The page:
First, Professor Simmons discusses how RAP may stand in the way of this proposed cryo-trust. RAP is a centuries-old rule that prohibits the remote vesting of contingent future interests. Essentially, if it is possible that an interest could vest more than twenty-one years past the lifetimes of everyone alive at the time of the interest’s creation, then the interest is void. Certainly, RAP problems could arise from cryo-trust.
Professor Simmons brings up a scenario where the trust would oversee the care for the frozen person and determine when medical technology has advanced enough to attempt resuscitation. If resuscitation failed, the trustee would distribute the remaining trust property in the manner the frozen person provided in the trust terms. However, it is uncertain whether the interest in the frozen person’s beneficiaries would vest at the creation of the trust and thus it would be void under RAP because there is no way to be certain that the attempted resuscitation would occur within the time limit. However, Professor Simmons proposes to structure the trust so that the remaining money goes back to the estate of the frozen person if resuscitation fails. That way, the trust is already vested in the lifetime of the frozen person, thereby avoiding the RAP challenge. Of course, Professor Simmons thinks it would be better to simply select one of the many jurisdictions that have abolished RAP.
Second, Professor Simmons discusses how P-TRAP may present another challenge to a cryo-trust. This rule is concerned about remote trust termination and not remote vesting, which RAP prohibits. Specifically, the non-charitable purpose trust must terminate within the RAP perpetuities period. Clearly, a cryo-trust would last longer than the perpetuities period. The only real solution Professor Simmons gives is to select a jurisdiction that has abolished this rule.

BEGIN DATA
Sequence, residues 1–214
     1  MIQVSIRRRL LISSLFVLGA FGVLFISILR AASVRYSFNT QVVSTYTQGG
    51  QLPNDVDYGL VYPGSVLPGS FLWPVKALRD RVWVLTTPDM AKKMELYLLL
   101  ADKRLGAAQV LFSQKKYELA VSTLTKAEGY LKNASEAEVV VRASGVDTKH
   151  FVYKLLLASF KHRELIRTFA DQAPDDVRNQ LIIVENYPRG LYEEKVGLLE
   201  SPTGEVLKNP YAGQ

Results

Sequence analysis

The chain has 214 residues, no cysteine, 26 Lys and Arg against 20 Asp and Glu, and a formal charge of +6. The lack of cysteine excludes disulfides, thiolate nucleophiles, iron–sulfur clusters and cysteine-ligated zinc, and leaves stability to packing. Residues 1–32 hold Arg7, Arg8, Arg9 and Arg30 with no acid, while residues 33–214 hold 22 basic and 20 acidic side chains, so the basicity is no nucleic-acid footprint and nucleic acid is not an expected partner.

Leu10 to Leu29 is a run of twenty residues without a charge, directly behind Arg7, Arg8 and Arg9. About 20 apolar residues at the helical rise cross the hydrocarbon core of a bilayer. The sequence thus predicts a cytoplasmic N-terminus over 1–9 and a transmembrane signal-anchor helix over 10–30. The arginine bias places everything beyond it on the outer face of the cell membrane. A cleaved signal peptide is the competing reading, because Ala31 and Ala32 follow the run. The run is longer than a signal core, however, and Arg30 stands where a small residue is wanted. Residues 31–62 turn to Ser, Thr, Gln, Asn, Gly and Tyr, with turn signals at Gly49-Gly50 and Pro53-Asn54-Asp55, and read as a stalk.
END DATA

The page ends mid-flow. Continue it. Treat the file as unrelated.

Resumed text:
Finally, Professor Simmons analyses the Beneficiary Principle considering cryo-trusts. The Beneficiary Principle requires that a trust have an ascertainable beneficiary because these beneficiaries have standing to correct the trustee if the trustee deviates from the standards of care and loyalty. Because the beneficiary of a cryo-trust is not ascertainable (a frozen person considered as being dead), it would violate the Beneficiary Principle. Professor Simmons proposes that a cryo-trust appoint an “enforcer” to keep the trustee accountable. The enforcer would be a fiduciary to make certain that the trustee carries out all fiduciary duties. However, the trust’s jurisdiction must allow this enforcer role, which is why Professor Simmons believes that situs selection is the most important element for a cryo-trust.
Professor Simmons claims that situs selection is essential because two of the three trust law challenges to cryo-trusts are resolved by situs rules alone. Equally as important are the situs choice of law rules. Choice of law rules must be considered to see if rules favorable to a cryo-trust apply. The location of property owned by a trust is key in choice of law rules—the state where the body is located is likely to dictate the applicable trust laws.
Ultimately, Professor Simmons asserts that a favorable jurisdiction to a cryo-trust would have RAP abolished, have P-TRAP abolished, have the Beneficiary Principle abolished, and allow a purpose trust to hold title to property. Professor Simmons concluded that the Cayman Islands and South Dakota are the best jurisdictions for a cryo-trust as they have already fulfilled the above conditions and give favorable tax treatment to trusts as an added bonus.
I commend Prof. Simmons for identifying this fascinating issue and for his scholarly and practical analysis. His article is an entertaining read and provides considerable (frozen) food for thought.
[Special thanks for the outstanding assistance of R. William Whitmer, J.D. Candidate May 2021, Texas Tech University School of Law, in preparing this review.]